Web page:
According to Colorado University Boulder professor, human beings have not been doing a good job of taking care of their primate roommates, and now over 60% of them face extinction in the near future.

The study, which was led by Joanna Lambert and published in the journal Science Advances, examined all 504 known primate species.

According to her research, 75% of them are declining in number.

In some species, their numbers are declining so quickly that they may go extinct within the next couple of years.

For example, the Hainan gibbon, a resident in China, now only counts 25 in their ranks.

Lambert said of her research:

“Our goal in writing it was to call attention to the fact that most primate species are indeed faced with extinction. We have known about it for a while, and this is a way of getting the word out.”

According to the published article, the primary cause of primates disappearing is all down to human beings.

This is due to agriculture expanding over habitats, cattle ranching, logging, oil and gas drilling, mining, dam building and creating new roads.

Less widespread, but still a concern for primates, include trading them illegally as pets, buying and selling their body parts, bushmeat hunting and diseases.

Lambert added:

“What I have been monitoring is what happens to the seeds of the fruit that chimpanzees and various monkey species eat, and how important their role is in forest regeneration, through seed dispersals. As we are losing primates, forests are not regenerating the way they should be.”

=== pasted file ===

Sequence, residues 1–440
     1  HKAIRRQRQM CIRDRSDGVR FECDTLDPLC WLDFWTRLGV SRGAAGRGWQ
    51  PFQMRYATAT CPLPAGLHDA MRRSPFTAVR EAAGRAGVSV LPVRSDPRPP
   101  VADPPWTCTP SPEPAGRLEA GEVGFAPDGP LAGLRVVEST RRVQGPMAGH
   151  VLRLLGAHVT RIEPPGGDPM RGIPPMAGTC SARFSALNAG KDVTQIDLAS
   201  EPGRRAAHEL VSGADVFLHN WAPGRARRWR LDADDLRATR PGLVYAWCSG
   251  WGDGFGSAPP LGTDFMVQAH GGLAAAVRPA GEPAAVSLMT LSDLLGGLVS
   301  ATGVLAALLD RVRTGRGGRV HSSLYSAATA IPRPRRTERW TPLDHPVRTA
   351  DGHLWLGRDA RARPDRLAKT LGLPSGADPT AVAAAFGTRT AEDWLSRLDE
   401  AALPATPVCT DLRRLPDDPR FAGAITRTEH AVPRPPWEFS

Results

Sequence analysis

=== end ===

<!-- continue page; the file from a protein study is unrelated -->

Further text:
She also says that new primate species are constantly being discovered, but because of this, we are unable to understand exactly how many have been lost.

There are possibly many that have come and gone without humans ever knowing.

Many of the issues that contribute to habitat loss are systemic, meaning the issue won’t be resolved until poverty in certain regions is absolved or humans find new energy sources.

Scientists say we need to create global awareness of this issue so humans understand its importance and the huge consequences we face if we do not act.

It is also suggested that if you do not want to contribute to the decline of primate loss, to ensure that you refrain from eating palm oil or purchasing tropical timber.

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